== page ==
3. From Dust and Gas to Disks and Planets: Planets and stars form in dusky cocoons of dust and gas, often buried deep inside even larger obscuring clouds of molecular gas. These obscuring environments have made optical studies of solar system formation challenging at best. Radio telescopes, however, can see through the intervening dust and gas to probe deep into regions that have been largely inaccessible before. This symposium explores how a new generation of enormously more capable radio-wavelength research tools – such as the Atacama Large Millimeter/submillimeter Array (ALMA) in Chile and the Karl G. Jansky Very Large Array (VLA) in New Mexico – are revolutionizing our ability to observe, analyze, and understand protoplanetary disks and planet formation, opening new scientific frontiers. AAAS 2014 Annual Meeting: Friday, 14 February 2014; 8:30 a.m. – 11:30 a.m., Session 7033:

Speakers: John Tobin Jr., National Radio Astronomy Observatory; Jonathan Williams, University of Hawaii; Laura Perez, National Radio Astronomy Observatory; Edwin A. Bergin, University of Michigan; David J. Wilner, Harvard-Smithsonian Center for Astrophysics; Arielle Moullet, National Radio Astronomy Observatory.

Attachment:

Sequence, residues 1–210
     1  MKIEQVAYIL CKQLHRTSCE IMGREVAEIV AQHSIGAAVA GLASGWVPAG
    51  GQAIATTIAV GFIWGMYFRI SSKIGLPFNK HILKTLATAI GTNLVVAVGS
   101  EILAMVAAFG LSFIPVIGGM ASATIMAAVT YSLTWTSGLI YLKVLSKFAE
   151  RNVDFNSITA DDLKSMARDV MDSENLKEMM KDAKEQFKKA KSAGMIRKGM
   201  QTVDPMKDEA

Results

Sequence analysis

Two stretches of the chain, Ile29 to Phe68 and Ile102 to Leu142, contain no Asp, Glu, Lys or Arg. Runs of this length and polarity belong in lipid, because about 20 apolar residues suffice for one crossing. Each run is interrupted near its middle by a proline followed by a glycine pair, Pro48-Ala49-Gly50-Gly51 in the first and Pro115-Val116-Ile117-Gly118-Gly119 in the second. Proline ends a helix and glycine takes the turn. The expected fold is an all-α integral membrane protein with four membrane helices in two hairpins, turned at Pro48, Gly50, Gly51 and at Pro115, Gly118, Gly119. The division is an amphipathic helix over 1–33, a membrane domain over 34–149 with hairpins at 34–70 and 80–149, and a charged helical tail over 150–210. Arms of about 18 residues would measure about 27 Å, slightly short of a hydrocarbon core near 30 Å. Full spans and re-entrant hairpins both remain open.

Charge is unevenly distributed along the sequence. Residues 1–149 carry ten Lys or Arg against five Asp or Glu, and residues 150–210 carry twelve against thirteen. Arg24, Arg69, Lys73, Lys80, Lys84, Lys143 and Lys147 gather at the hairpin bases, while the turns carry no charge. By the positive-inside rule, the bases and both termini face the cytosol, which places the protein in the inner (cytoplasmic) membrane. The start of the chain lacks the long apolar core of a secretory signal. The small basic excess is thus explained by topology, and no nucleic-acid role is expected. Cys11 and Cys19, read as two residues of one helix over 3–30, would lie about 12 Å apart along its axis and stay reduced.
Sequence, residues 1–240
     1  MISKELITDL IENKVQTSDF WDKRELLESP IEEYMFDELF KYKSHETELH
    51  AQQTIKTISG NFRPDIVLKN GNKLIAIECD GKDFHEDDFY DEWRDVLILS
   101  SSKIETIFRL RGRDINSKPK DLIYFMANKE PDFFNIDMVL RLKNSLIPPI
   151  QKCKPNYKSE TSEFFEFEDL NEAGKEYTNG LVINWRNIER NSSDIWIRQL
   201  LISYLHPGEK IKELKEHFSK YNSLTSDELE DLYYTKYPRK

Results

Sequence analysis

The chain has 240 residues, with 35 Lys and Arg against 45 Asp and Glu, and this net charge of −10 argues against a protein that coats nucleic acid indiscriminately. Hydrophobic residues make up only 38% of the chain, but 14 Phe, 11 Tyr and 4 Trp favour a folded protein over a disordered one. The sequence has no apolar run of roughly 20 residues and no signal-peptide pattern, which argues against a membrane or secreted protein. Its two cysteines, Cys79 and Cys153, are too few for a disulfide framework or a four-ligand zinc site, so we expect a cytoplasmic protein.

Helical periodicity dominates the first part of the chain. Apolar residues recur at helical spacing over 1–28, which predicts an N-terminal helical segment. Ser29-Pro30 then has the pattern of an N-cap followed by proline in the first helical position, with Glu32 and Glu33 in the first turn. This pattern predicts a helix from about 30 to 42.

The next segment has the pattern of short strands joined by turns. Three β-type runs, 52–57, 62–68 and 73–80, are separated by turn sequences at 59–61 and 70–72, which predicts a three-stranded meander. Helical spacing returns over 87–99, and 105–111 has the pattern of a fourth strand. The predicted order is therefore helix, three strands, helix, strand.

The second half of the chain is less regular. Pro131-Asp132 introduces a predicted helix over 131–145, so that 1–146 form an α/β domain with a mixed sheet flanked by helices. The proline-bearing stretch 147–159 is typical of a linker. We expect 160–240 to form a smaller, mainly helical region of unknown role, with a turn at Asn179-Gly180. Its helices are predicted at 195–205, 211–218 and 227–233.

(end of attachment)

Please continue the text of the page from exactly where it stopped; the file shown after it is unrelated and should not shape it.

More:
4. Galaxy Evolution in the Early Universe: Galaxies, the fundamental building blocks of the Universe, remain a mystery. Scientists are still searching for clues to how they formed and evolved through cosmic time. Our best understanding is that galaxies evolved in fits and spurts through mergers, intensive star formation, and supermassive black hole activity. Looking back to when the Universe was just a billion years old, starburst galaxies converted vast reservoirs of gas into new stars at a furious pace – many thousands of times faster than normal spiral galaxies like our Milky Way. Enormous progress is being made in our understanding of galaxies thanks to new, state-of-the-art centimeter- and millimeter-wavelength telescopes such as the Atacama Large Millimeter/submillimeter Array in Chile, the South Pole Telescope in Antarctica, the Combined Array for Research in Millimeter-wave Astronomy in California, and the Karl G. Jansky Very Large Array in New Mexico. AAAS 2014 Annual Meeting: Saturday, 15 February 2014; 10 a.m. – 11:30 a.m., Session 7105:

Speakers: Dominik Riechers, Cornell University; Joaquin D. Vieira, University of Illinois; Alexandra Pope, University of Massachusetts.